In Indiana, the story is the same. Multiple counties are pushing back hard and “A wind-farm aversion is driving a handful of other rural counties – including some that already have turbines – to put moratoriums on any future development as local debate unfolds. “They’re losing favor all over the state,” said Campbell, who’s now working with like-minded opposition in other communities. Ben Kenney, of the Indiana Office of Energy Development is reported to have pledged that “the state won’t push for wind-energy projects where they’re not welcome. “ via:  http://www.batesvilleheraldtribune.com/news/local_news/wind-farms-whipping-up-opposition-across-rural-indiana/article_c0e2464e-b771-50a9-a4ac-14cd84f738d2.html  

How about it in Ohio? We think the Ohio Public Utilities Commission and the Ohio Power Siting Board has one of the worst records of facilitating wind development over the objections of Ohio communities who do not want them. And now comes the appointment of Vorys attorney Howard Petricoff to the Public Utilities Commission. Word on the street is that Mr. Petricoff has demonstrated a poor record of acting in the public interest during his career representing wind developers and others in the electricity business. In fact, the Statehouse news reports are that “The top Democrat on that Senate panel, Sen. Sandra Williams (D-Cleveland), likewise wants hearings on whether Gov. John Kasich’s nominee is the best fit for the office…. As the committee’s ranking minority member, Sen. Williams said in an interview she is “not impressed” with the governor’s selection.” Petricoff’s confirmation hearing is scheduled for Tuesday at 1:00 in the Senate Finance Hearing Room.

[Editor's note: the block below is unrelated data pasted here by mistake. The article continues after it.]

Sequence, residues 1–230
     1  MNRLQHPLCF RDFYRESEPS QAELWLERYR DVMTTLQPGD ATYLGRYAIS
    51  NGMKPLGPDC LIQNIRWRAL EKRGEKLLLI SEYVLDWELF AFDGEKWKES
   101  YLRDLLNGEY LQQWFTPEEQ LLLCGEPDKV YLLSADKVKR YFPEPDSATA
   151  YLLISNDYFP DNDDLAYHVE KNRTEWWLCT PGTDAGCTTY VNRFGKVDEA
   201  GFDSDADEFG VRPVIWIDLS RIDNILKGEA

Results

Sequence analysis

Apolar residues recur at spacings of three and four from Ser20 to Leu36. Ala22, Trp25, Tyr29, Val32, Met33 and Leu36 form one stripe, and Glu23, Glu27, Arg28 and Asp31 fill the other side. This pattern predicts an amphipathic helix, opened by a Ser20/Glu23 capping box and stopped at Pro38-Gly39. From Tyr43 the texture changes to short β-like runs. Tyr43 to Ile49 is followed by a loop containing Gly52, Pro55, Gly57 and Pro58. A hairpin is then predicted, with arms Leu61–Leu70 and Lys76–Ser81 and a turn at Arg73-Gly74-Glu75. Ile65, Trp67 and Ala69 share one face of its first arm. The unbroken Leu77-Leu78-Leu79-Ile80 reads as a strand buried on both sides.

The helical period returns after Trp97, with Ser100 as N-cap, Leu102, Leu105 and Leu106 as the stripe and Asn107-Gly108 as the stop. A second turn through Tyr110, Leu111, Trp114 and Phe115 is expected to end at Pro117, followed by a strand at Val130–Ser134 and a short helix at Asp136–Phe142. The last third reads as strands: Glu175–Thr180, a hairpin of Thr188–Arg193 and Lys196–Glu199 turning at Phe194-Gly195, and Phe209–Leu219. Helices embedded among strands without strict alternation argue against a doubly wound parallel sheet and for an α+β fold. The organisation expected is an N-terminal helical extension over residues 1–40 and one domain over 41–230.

Tuesday is a double header of sorts in that oral arguments will be heard in the Ohio Supreme Court on Champaign County’s appeal of the OPSB approval of Amendments to the Buckeye Wind project. The Court will convene at 9:00 a.m. sharp and anyone who is able to attend is encouraged to do so. A show of support for Champaign County and the Townships would be appreciated.  The County and Townships assert two points in their appeal:

A. The Board’s approval of Applicant’s amendments in its Order of February 18, 2014 and its Order of May 19, 2014, without holding a required hearing was unreasonable and unlawful, as such amendments would result in a material increase in the environmental impact of the facility or a substantial change in the location of all or a portion of such facility.

B. The Board’s approval of the amendments in its Order of February 18, 2014 and its Order of May 19, 2014, without hearing was unreasonable and unlawful, as it denied Appellants County and Townships the only opportunity to be heard.